Placenta research could help doctors treat premature babies with chronic lung conditions
First published by ABC News
- Over 50 per cent of babies born 15 weeks premature develop chronic lung condition
- Up to 40 per cent of babies with chronic lung condition also have high blood pressure in lungs
- Professor Arvind Sehgal’s study enables doctors to treat the condition
Almost a third of babies born extremely premature develop a chronic lung condition that can cause death and years of suffering.
But a study from Monash University and the Monash Children’s Hospital has found a way to detect the condition at birth, which can help doctors better manage and treat the illness.
Mothers of babies with this debilitating condition say it offers hope and could transform the quality of life for the sick baby and family.
Sonya Georgievski’s twin boys were born about 13 weeks premature because of complications.
“Your world sort of turns around and you’re like, ‘What?’ You just basically, go into a dark place and wonder what on Earth is going to happen,” she said.
And it got worse. The boys developed bronchopulmonary dysplasia, or BPD — a chronic lung condition which affects about 55 per cent of babies born 15 weeks premature.
It causes breathing problems and can mean hospitalisations, vulnerability to infections and the need for home oxygen.
Ms Georgievski’s boys are now almost three years old but one, Xavier, was at risk of being hospitalised for simply catching a cold, while Oliver may develop asthma.
Pulmonary hypertension can leave babies at risk of death
Up to 40 per cent of babies with BPD also get what is known as PH — chronic pulmonary hypertension or high blood pressure in the lungs.
This complication greatly increases the risk of death and the need for intensive care treatment.
Michelle Matar’s daughter Shifra — born at just 23 weeks — had the complication and was close to dying.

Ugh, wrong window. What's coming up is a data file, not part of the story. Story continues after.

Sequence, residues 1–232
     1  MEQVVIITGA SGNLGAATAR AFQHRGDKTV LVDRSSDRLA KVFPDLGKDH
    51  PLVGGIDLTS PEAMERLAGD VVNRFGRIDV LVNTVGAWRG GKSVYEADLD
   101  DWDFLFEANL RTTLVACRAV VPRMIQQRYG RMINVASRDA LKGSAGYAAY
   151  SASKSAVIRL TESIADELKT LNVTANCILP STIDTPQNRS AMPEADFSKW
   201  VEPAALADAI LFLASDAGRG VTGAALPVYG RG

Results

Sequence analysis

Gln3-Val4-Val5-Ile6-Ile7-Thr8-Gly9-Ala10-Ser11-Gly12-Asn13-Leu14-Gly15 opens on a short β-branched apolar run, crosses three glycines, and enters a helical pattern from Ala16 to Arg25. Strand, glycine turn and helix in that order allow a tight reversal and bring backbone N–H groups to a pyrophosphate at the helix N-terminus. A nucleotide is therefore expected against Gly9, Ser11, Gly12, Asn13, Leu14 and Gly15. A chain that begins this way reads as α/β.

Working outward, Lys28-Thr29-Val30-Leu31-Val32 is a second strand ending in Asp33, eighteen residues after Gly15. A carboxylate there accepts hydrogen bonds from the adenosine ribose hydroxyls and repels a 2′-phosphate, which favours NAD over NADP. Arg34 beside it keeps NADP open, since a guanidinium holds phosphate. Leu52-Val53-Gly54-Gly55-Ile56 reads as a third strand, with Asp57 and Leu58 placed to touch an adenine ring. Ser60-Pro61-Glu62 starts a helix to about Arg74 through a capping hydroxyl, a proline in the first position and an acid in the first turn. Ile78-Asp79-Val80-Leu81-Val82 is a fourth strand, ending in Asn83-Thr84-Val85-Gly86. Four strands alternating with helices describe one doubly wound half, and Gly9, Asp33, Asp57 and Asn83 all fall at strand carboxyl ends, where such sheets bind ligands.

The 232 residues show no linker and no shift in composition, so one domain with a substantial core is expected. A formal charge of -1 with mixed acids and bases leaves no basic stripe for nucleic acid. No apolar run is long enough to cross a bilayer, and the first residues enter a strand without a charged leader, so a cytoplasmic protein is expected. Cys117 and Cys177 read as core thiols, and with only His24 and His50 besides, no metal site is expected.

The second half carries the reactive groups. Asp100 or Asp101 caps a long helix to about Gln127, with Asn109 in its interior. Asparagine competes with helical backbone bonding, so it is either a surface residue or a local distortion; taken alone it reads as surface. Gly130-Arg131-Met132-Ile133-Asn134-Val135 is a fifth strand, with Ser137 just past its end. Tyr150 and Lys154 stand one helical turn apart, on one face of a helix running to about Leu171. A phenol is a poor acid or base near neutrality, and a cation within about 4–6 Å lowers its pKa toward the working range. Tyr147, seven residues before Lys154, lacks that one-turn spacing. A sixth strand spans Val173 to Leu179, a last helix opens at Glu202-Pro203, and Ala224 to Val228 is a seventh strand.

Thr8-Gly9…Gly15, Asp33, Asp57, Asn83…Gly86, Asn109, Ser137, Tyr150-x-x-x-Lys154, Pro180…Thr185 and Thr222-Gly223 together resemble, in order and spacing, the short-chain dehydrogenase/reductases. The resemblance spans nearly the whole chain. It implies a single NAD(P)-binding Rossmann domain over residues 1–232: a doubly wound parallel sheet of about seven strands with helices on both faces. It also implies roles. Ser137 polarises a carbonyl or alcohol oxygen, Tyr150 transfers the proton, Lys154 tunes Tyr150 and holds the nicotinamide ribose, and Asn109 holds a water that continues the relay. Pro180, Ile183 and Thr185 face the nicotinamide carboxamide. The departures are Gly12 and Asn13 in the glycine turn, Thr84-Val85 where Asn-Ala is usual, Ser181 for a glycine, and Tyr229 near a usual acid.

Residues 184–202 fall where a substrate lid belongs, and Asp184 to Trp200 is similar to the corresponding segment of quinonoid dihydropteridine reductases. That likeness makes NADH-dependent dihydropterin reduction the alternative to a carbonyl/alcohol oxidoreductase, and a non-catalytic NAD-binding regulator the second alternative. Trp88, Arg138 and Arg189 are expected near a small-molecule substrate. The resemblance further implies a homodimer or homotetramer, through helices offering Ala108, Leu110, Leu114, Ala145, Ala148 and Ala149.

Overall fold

“I think I was called up to four times to bid her farewell, but she was lucky to keep going,” she said.
“I can’t even explain how I used to feel. Days I would walk, I didn’t feel my legs.
“[It’s] just a feeling of helplessness when you’re a mother and can’t do anything more.”
Ms Martar said Shifra spent 13 months on oxygen support in hospital and two months with it at home.
‘We want to reduce risk of dying’
Professor Arvind Sehgal, a neonatal consultant at Monash Children’s Hospital, treated Shifra and has also led a study into the condition, which found ways to dramatically improve the baby’s chances and quality of life.
It involved testing the placentas of 56 pre-term babies.
“The study gives clues from the placenta,” he said.
“As soon as the baby is born, we get clues among this high-risk babies, which ones might develop this complication later on.”
Professor Sehgal said it had transformed doctors’ ability to treat the condition.
“So, [we] use information to change management strategy to reduce the risk, include different ways of supporting ventilation and there are some special medications that can be given and more effective early on,” he said.
“What we want to achieve is to reduce risk of dying and if we can reduce the length of stay in hospital. Then we improve quality of life for family and also save money in terms of health care resources.”
The study is being presented internationally next month.
Pictured above: Professor Arvind Sehgal